Investigating the Effects of a Six-week Cooking Intervention on Cooking and Dietary Behaviors among Low-income Families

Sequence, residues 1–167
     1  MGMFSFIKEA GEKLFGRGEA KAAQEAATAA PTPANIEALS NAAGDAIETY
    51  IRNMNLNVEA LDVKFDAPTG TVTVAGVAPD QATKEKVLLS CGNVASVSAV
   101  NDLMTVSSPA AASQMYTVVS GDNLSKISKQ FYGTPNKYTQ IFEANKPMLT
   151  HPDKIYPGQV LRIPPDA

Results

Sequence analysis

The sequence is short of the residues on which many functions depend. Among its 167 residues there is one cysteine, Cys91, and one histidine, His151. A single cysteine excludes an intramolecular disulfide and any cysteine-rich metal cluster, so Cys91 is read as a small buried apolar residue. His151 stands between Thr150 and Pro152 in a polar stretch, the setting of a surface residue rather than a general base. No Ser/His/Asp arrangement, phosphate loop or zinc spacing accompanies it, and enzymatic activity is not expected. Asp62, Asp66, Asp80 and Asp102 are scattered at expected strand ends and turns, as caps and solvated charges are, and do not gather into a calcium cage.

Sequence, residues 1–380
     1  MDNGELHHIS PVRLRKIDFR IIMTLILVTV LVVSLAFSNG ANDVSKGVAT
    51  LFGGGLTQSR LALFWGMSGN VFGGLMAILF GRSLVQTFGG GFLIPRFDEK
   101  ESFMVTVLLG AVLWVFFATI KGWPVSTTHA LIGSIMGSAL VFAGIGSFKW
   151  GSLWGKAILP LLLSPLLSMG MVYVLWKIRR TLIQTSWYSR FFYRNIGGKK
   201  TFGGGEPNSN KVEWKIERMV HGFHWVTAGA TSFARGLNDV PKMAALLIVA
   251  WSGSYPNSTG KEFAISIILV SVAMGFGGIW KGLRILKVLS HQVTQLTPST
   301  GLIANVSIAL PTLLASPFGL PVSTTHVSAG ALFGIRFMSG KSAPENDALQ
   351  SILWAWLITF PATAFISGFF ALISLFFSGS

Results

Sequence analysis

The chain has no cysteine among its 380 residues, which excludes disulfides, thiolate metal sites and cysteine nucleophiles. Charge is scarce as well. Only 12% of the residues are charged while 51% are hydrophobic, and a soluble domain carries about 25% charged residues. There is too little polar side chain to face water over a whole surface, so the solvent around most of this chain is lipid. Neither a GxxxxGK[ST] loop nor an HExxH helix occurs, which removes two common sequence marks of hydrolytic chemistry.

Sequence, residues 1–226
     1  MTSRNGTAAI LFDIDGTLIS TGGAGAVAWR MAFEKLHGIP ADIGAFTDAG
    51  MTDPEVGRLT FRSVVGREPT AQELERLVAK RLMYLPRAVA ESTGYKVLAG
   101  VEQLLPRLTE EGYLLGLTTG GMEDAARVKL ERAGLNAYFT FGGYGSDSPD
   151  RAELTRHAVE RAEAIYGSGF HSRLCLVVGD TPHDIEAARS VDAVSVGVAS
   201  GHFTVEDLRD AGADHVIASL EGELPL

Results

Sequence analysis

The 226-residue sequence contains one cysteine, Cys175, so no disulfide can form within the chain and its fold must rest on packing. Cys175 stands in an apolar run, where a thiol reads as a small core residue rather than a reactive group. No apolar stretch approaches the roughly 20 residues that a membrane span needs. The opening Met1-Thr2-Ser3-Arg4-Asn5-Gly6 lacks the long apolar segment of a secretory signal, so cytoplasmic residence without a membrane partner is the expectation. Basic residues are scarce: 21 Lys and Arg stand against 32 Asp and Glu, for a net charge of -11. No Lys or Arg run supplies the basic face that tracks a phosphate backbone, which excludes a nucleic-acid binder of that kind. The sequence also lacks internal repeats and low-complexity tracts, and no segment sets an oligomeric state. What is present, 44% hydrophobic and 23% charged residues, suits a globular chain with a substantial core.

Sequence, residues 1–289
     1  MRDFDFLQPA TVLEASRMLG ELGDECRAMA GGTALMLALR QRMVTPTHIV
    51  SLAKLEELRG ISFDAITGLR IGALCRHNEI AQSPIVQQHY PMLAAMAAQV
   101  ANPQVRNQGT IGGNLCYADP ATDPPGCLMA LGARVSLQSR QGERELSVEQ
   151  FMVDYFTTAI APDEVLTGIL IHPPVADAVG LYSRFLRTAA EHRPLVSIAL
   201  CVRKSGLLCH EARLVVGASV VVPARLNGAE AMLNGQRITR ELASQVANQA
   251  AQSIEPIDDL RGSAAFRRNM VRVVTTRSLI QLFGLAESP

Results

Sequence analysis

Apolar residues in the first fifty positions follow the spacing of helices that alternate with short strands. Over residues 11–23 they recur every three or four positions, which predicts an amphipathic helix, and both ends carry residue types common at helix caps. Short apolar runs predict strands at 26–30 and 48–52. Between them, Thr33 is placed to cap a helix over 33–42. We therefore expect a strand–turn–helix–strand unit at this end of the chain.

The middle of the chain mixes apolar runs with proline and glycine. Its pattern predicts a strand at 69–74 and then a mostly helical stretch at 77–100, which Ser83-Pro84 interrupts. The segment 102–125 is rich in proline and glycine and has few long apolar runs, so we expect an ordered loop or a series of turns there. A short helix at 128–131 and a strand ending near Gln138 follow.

Background and Purpose: Healthy eating practices have been associated with prevention of chronic diseases. There is limited information about strategies for healthy eating practices among families. The current study examined the effectiveness of Get Cookin’, a six-week intervention consisting of nutrition education and hands-on cooking and tasting activities among low-income families. Methods: Lowincome adults participated in Get Cookin’, a six-week intervention consisting of nutrition education and hands-on cooking activities. Ninety-six participants completed a retrospective survey which examined their meal planning, budgeting and cooking behaviors, as well as fruit and vegetable consumption. Thirteen graduates of the program participated in focus groups. The Wilcoxon signed ranks test was used to examine pre-to-post changes. Results: Participants showed significant improvements in meal planning and budgeting skills. They started cooking meals at home more frequently and increased consumption and variety of healthy foods such as fruits, vegetables and whole grains. Focus groups revealed that participants shared cooking and nutrition information and skills learned with their families. Additionally, participants with diverse backgrounds gained a sense of empowerment to overcome personal challenges to make healthy choices. Conclusions: Nutrition education, combined with cooking and tasting activities, appears to have a positive impact on healthy behaviors among low-income families. Further research with a control group would be needed to more definitively understand the effectiveness of the Get Cookin’ intervention.